Welcome to This Date in Aviation History, getting you caught up on milestones, important historical events and people in aviation from April 1 through April 4.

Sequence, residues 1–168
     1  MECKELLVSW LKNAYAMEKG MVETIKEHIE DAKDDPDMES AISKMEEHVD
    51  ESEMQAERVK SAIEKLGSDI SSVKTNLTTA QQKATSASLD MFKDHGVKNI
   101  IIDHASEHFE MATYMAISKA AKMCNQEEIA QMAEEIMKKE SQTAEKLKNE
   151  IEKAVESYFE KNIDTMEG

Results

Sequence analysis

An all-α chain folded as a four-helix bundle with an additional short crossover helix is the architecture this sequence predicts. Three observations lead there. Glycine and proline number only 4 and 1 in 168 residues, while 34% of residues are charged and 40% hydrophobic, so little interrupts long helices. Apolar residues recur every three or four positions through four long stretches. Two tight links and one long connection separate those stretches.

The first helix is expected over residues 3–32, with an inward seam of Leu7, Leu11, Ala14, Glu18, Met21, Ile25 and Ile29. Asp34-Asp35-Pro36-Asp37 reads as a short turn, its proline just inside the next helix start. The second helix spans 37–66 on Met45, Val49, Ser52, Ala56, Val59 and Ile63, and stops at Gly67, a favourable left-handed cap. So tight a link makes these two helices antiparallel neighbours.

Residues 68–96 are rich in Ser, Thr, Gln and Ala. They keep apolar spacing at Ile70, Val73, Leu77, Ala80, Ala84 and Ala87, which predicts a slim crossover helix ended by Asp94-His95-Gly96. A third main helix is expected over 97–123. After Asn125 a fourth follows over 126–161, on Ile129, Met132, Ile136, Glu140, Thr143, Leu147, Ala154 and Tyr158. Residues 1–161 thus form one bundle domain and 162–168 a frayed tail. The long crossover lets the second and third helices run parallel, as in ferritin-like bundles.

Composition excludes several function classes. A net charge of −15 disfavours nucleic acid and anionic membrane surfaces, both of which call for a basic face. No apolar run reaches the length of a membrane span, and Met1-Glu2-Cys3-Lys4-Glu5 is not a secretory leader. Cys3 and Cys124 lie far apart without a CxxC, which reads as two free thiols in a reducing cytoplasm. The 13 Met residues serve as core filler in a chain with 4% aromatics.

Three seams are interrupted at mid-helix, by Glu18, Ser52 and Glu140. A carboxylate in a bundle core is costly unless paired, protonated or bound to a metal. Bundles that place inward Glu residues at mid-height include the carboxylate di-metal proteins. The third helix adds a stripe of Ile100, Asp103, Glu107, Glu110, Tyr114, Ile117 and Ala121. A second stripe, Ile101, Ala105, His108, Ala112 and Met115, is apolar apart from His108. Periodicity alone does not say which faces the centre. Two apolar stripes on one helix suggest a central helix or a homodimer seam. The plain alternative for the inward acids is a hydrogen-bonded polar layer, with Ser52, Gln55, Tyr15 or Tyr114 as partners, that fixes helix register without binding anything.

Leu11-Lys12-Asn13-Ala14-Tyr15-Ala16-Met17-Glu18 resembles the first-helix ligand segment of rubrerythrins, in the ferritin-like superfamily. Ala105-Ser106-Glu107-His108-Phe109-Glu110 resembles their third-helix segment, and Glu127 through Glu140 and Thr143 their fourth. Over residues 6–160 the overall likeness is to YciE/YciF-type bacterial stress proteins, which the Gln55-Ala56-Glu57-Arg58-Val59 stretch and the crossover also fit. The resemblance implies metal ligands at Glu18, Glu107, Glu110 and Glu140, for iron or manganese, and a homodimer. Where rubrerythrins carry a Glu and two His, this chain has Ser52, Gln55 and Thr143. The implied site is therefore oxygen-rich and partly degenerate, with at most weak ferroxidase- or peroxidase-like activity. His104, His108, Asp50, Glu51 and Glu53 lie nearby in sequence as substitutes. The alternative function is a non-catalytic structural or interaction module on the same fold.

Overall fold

April 1, 1939 – The first flight of the Mitsubishi A6M Zero. The Japanese surprise attack on Pearl Harbor on December 7, 1941 served as a deadly wakeup call to the United States, as Japanese plans for the expansion of their empire came home to the American people. But that rude awakening also extended to the US Army Air Forces and US Navy, who came face to face with the remarkable A6M Zero for the first time, an aircraft that was clearly the best fighter in the Pacific at the time. In early 1937, the Imperial Japanese Navy issued specification 12-shi to develop a new fighter to replace the Mitsubishi A5M (allied reporting name Claude), which had the distinction of being the world’s first ship-based monoplane fighter. The requirements in 12-shi were rigorous, and included a top speed of 370 mph, a high rate of climb, heavy armament (two 20mm cannons, two .303 caliber machine guns, two 130-pound bombs), and enough range to cover the vast distances of the Pacific Ocean. Lead Mitsubishi designer Jiro Horikoshi realized that the only way to design a fighter to these specifications was to make it as light as possible. so, in order to save weight, the Type 0 Carrier Fighter as it was called was constructed of a new, top-secret aluminum alloy, had no armor to protect the pilot or engine, and no self-sealing fuel tanks. This made for a fighter that possessed excellent aerobatic and dogfighting characteristics, but also one that caught fire easily and could not withstand the pounding from heavier American fighters. The Zero (also known to the Japanese as Rei shiki Kanjō sentōki, or Rei-sen for short) entered service in 1940 fighting against obsolete Chinese biplane fighters during the Second Sino-Japanese War where it quickly gained a reputation as an unbeatable dogfighter. As the Japanese expanded into areas of the British and Dutch empire, the Zero came up against some of the best Allied fighters of the time, and even provided a serious challenge to the Supermarine Spitfire which, while faster, was no match for the Zero in a turn. The Zero also far outclassed all American fighters of the early part of the war.